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Chemetron Corp. v. McLouth Steel Corp.

decided: August 28, 1975.


Appeal from the United States District Court for the Northern District of Illinois Eastern Division - No. 73 C 228 JULIUS J. HOFFMAN, Judge.

Sprecher, Tone, and Bauer, Circuit Judges.

Author: Tone

TONE, Circuit Judge.

In a trial without a jury of this diversity case governed by Michigan law, plaintiff Chemetron Corporation recovered a judgment for $871,493 as damages for the failure of defendant McLouth Steel Corporation to deliver the quantities of products called for by a supply contract. McLouth appeals. We affirm.

In 1964 the parties entered into a written contract under which Chemetron agreed to purchase from McLouth each month a minimum of 975 tons of liquid oxygen or liquid nitrogen, or both, which the contract calls collectively "liquid products," and McLouth agreed to make available to Chemetron for purchase each month at least 1950 tons of liquid products as requested by Chemetron. Provisions were included for daily deliveries and the price of the products to be delivered. The contract became effective on April 21, 1965, for a term of five years, and was automatically renewable for an additional five- year term unless one of the parties, not less than one year prior to the expiration of the fifth year of the original term, i.e., by April 21, 1969, notified the other of its desire not to renew.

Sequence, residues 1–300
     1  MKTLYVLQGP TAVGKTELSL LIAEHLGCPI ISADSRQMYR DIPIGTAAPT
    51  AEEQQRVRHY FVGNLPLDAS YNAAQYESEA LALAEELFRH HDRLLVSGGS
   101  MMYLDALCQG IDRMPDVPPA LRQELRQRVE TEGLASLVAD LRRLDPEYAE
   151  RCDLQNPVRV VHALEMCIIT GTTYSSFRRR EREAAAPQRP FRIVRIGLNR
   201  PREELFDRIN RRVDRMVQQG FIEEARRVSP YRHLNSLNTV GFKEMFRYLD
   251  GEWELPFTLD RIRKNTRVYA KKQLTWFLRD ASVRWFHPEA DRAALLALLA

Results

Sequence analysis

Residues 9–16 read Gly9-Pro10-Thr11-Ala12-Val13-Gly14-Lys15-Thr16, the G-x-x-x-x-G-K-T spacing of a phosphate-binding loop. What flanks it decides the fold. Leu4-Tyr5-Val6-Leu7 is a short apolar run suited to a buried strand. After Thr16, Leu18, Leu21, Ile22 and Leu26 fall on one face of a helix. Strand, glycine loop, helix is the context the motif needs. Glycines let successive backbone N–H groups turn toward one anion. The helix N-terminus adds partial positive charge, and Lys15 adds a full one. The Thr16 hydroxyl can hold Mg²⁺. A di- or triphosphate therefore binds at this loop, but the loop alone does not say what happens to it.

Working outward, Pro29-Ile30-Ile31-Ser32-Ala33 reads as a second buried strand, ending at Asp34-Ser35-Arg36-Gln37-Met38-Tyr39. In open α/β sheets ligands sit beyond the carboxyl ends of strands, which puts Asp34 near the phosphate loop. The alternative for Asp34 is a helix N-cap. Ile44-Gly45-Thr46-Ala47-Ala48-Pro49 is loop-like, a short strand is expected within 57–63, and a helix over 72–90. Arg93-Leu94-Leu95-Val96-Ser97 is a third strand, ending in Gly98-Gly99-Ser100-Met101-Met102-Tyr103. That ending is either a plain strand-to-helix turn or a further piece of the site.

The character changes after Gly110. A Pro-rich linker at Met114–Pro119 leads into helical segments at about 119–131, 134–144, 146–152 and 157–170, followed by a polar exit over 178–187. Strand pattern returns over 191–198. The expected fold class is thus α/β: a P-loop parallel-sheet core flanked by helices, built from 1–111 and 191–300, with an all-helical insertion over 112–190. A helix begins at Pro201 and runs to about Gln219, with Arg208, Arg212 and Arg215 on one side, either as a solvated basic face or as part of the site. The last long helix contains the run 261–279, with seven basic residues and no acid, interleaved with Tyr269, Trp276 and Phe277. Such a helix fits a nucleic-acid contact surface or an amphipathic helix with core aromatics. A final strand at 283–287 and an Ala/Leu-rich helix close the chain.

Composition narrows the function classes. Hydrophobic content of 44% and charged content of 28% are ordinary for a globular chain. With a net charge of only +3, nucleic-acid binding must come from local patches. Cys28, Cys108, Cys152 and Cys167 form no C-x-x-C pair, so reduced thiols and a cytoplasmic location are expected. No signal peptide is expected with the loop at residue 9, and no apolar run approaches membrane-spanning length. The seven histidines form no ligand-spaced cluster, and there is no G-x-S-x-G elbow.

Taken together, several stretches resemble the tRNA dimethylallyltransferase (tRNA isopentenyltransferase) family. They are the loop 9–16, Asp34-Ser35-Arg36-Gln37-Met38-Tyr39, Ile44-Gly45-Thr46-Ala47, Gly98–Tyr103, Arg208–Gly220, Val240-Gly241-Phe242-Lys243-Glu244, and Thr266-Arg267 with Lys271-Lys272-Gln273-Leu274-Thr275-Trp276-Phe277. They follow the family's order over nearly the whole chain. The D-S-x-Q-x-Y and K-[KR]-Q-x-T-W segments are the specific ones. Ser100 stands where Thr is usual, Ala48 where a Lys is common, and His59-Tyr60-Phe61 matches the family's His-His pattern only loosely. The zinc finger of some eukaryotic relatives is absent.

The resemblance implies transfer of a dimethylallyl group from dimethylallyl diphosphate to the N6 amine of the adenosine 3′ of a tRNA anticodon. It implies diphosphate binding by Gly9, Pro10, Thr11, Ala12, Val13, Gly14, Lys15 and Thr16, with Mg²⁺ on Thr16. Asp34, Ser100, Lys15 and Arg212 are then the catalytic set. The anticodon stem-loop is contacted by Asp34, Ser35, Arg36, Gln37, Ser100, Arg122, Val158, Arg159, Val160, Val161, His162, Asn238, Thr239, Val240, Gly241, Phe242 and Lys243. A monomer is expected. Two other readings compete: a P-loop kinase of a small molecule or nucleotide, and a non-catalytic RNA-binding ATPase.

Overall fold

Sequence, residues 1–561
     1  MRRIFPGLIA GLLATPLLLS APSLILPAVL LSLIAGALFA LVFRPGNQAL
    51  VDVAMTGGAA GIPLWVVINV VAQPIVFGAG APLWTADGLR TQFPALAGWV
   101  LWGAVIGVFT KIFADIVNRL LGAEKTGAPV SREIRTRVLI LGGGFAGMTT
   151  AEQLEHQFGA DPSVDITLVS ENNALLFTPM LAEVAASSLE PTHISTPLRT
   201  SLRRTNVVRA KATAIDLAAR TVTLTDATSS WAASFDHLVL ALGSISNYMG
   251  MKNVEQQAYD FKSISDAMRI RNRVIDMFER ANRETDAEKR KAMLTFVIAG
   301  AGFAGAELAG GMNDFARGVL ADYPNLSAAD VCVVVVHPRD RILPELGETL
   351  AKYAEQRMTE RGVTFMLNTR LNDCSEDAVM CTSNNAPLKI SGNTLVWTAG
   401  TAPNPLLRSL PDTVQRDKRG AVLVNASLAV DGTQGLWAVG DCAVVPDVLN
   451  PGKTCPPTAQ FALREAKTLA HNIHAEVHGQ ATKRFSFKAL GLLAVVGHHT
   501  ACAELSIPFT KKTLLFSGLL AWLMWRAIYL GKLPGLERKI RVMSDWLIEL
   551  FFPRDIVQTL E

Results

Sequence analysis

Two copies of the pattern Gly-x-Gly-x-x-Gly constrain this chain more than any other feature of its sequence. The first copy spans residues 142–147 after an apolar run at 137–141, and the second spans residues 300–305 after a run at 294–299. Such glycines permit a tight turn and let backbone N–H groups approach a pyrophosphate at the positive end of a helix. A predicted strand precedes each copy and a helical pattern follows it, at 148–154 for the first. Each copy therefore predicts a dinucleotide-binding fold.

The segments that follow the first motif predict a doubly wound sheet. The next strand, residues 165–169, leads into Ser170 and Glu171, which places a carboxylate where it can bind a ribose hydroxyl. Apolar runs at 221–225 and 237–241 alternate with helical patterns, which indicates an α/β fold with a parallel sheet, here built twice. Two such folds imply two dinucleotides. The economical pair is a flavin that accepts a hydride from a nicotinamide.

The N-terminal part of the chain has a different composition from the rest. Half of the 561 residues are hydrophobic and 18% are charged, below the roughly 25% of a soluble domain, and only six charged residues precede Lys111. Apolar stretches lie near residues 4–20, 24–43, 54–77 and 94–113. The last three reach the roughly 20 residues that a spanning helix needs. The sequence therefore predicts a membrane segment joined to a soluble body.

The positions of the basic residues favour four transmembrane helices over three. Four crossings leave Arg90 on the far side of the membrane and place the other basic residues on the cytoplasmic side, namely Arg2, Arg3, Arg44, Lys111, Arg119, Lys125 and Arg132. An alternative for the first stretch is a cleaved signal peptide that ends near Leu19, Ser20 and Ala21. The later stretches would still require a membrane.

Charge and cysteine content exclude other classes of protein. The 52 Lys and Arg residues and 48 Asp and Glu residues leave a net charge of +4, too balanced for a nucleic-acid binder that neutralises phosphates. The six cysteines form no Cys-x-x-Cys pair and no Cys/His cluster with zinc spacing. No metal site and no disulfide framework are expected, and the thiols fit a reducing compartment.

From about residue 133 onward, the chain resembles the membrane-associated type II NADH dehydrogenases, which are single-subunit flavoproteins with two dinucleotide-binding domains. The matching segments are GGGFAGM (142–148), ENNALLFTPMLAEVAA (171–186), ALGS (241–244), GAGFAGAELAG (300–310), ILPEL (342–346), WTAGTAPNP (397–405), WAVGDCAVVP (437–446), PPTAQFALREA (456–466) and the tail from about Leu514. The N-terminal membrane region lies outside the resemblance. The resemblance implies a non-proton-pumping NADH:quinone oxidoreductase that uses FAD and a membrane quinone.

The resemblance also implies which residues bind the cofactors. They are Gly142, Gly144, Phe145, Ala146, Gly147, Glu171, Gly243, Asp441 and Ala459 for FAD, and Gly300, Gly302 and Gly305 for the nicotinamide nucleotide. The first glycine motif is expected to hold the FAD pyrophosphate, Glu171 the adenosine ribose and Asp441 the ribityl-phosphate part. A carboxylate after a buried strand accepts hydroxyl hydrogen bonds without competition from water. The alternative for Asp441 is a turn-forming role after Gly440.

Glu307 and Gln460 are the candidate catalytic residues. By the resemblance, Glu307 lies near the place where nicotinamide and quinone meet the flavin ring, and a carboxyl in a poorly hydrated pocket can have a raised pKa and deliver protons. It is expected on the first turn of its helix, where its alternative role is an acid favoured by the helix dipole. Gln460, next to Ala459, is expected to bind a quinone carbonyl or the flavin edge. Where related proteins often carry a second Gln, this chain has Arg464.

Neither party gave the required notice, and the contract was therefore automatically renewed. McLouth having failed to furnish liquid products during the renewal term in the amounts called for by the contract, Chemetron brought this action, recovering damages for the period from April 1970 through October 1972 on the basis of the difference between the cost of liquid products obtained by Chemetron from sources other than McLouth for sale in the Detroit area (the relevant market where the products were resold by Chemetron), and the contract price. In addition, for the period from November 1972 through December 1973, Chemetron recovered profits lost by its inability to obtain liquid products which it could have sold in the Detroit market. See Michigan Uniform Commercial Code, M.C.L. §§ 440.2712, 440.2713, 440.2715. Damages for the period January 1974 through March 1975, which plaintiff calculated on the basis of its projections, were denied by the trial court for lack of substantiation. See 381 F. Supp. 245 (N.D. Ill. 1974).

McLouth is a steel producer and uses large amounts of liquid oxygen and nitrogen in its steel manufacturing processes. At the time the contract was entered into, it owned four operating liquid products producing plants, which had to be operated continuously for maximum efficiency, and it apparently contemplated meeting its contractual obligations with the excess products produced by these plants. McLouth encountered a great deal of mechanical difficulty in the production of the liquid products, however, with the consequence that in order to maintain a sufficient reserve supply for its own uses it instituted, allegedly with the knowledge, consent, and acquiescence of Chemetron, the policy of making available for sale only an amount of liquid products above a designated minimum in its storage tanks. The present litigation has its roots in this "tank level policy."